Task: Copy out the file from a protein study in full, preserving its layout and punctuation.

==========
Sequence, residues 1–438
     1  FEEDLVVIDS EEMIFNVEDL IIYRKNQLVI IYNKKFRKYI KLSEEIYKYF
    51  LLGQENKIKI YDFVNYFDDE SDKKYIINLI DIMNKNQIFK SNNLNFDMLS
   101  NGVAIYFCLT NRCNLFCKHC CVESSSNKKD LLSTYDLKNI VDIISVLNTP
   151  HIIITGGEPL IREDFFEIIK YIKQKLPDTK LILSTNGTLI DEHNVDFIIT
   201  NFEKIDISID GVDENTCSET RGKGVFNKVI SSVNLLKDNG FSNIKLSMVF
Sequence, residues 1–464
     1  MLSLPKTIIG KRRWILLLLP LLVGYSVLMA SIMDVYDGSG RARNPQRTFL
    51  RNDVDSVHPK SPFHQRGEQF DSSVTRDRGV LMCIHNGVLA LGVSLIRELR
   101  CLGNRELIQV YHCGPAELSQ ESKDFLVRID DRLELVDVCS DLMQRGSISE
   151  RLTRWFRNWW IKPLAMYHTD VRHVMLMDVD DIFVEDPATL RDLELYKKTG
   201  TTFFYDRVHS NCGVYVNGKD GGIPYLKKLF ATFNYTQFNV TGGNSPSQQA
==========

Sequence, residues 1–438
     1  FEEDLVVIDS EEMIFNVEDL IIYRKNQLVI IYNKKFRKYI KLSEEIYKYF
    51  LLGQENKIKI YDFVNYFDDE SDKKYIINLI DIMNKNQIFK SNNLNFDMLS
   101  NGVAIYFCLT NRCNLFCKHC CVESSSNKKD LLSTYDLKNI VDIISVLNTP
   151  HIIITGGEPL IREDFFEIIK YIKQKLPDTK LILSTNGTLI DEHNVDFIIT
   201  NFEKIDISID GVDENTCSET RGKGVFNKVI SSVNLLKDNG FSNIKLSMVF
Sequence, residues 1–464
     1  MLSLPKTIIG KRRWILLLLP LLVGYSVLMA SIMDVYDGSG RARNPQRTFL
    51  RNDVDSVHPK SPFHQRGEQF DSSVTRDRGV LMCIHNGVLA LGVSLIRELR
   101  CLGNRELIQV YHCGPAELSQ ESKDFLVRID DRLELVDVCS DLMQRGSISE
   151  RLTRWFRNWW IKPLAMYHTD VRHVMLMDVD DIFVEDPATL RDLELYKKTG
   201  TTFFYDRVHS NCGVYVNGKD GGIPYLKKLF ATFNYTQFNV TGGNSPSQQA